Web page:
What to say about these five Oscar-tipped films

Be the first to tell your film-loving friend about these Oscar contenders.

By Simon Lewis.

All the most Oscar-worthy films are released between now and February so as to be fresh in the Academy’s minds at Awards time, which means now’s the perfect time to see something special on the big screen with that friend who loves to chat about a movie for hours afterwards.

Here are five such films, and some tips to help those chats along...

1. Ingrid Goes West

Your friend: Why are we going to see this?

You: Because it’s the first great satire of the Instagram era.

Women jealously obsessed with their girlfriends are a Hollywood staple, whether played for laughs as in Bridesmaids or for shocks as in Single White Female. The clever twist here is that it sympathises more with the stalker than the stalkee, a sickeningly popular Instagram influencer played by Elizabeth Olsen. Our anti-heroine Aubrey Plaza latches onto her as a way of starting a new life as a superficial West Coast hottie after messing up back East – and whether we want her to succeed goes to the heart of our #nofilter age.

Knowledge to drop: Sitcom graduate Plaza, famous for her ‘resting bitch face’, says her dream role is Catwoman.

Out 17 November.

2. Film Stars Don't Die In Liverpool

Your friend: Why are we going to see this?

You: Because it’s from the guy who wrote Control and Nowhere Boy (Matt Greenhalgh), and he has a knack for making real life feel mythical.

In the 70s, struggling young English actor Peter Turner had an affair with ageing American actress Gloria Grahame (think a less famous Marilyn Monroe). They had a brief affair and later, when she fell ill, she came to recuperate at his parent’s. That’s the true story behind this brilliantly acted drama, with Jamie Bell and Annette Bening as the odd couple. But what everyone’s talking about is the gorgeous way it blends the present with flashbacks, and domesticity with dreams.

Knowledge to drop: You might not have heard of Gloria Grahame but you’ve seen her in Christmas favourite It’s A Wonderful Life (she’s the girl who has a childhood crush on Jimmy Stewart’s character).

Out 17 November.

3. The Killing of a Sacred Deer

Your friend: Why are we going to see this?

You: Because it’s a twisted modern version of a Hitchcock thriller.

From The Talented Mr Ripley to The Hand that Rocks the Cradle, we love films where people take in guests who turn sinister. Here, it’s Colin Farrell and Nicole Kidman as doctors nurturing the son of a man who died on Farrell’s operating table. Up-and-coming Greek director Yorgos Lanthimos doesn’t play things straight, and there are religious undertones to this tale of a man who plays god versus a boy acting the devil.

Knowledge to drop: Lanthimos also directed The Lobster – the one where Colin Farrell had to find a girlfriend within 45 days or be turned into one.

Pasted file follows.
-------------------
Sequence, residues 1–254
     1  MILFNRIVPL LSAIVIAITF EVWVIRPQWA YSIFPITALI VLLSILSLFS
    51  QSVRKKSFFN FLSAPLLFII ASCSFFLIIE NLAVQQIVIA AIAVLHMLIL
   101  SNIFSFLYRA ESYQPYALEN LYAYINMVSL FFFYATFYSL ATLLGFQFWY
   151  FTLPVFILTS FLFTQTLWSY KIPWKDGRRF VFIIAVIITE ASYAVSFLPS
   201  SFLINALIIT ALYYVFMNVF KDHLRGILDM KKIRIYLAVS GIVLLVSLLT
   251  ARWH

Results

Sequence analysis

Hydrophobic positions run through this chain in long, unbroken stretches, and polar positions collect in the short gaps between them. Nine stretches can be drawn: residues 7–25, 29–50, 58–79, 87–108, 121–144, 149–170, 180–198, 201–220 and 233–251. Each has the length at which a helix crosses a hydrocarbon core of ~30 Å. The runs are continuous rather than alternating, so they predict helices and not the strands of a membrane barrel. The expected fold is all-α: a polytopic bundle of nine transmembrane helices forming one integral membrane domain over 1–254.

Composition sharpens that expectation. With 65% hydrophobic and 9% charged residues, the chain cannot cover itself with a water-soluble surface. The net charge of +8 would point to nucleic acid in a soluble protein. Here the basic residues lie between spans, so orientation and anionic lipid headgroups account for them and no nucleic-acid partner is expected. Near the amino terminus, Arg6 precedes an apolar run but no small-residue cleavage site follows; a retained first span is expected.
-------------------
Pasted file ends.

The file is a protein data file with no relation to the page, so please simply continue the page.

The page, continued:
Out 3 November. Get The Killing of a Sacred Deer tickets and times. 

4. Call Me By Your Name

Your friend: Why are we going to see this?

You: Because ‘people having life-changing experiences in sun-drenched villas’ is a much underrated genre.

This lyrical movie of homosexual awakening is no Brokeback Mountain, says its star Armie Hammer – who plays an academic falling in love one hot summer in Italy. He says there’s no big deal these days about straight men playing gay lovers. It does have three things in common with Ang Lee’s triple Oscar-winning love story, though: it’s beautifully shot, lingers in the memory and is certain to make A-list stars of its two leading men, Hammer and the young Timothée Chalomet.

Knowledge to drop: Writer James Ivory (with partner Ismail Merchant) pretty much invented the UK indie film industry and, in Maurice, put gay love front and centre nearly two decades before Brokeback Mountain.

Out 27 October. Get Call Me By Your Name tickets and times. 

5. Suburbicon

Your friend: Why are we going to see this?

You: Because it’s got all the hallmarks of a great Coen brothers story, plus some Oscars special sauce.

Suburbicon sees two Oscar-winners (Matt Damon and Julianne Moore) directed by double Oscar-winner George Clooney from a script by quadruple Oscar-winners Joel and Ethan Coen. There’s a fair chance they know what they’re doing. Like the Coen brothers classic Fargo, it sees a mousey middle aged guy (Damon) getting implausibly entangled with criminals and killers, this time in the supposedly idyllic setting of a new-built 1950s suburb. In keeping with the current acting trend, Julianne Moore plays identical twins – although things don’t go so well for one of them.

Knowledge to drop: This was actually one of the first things the Coen brothers ever wrote, just after their 1984 debut Blood Simple.

Out 24 November.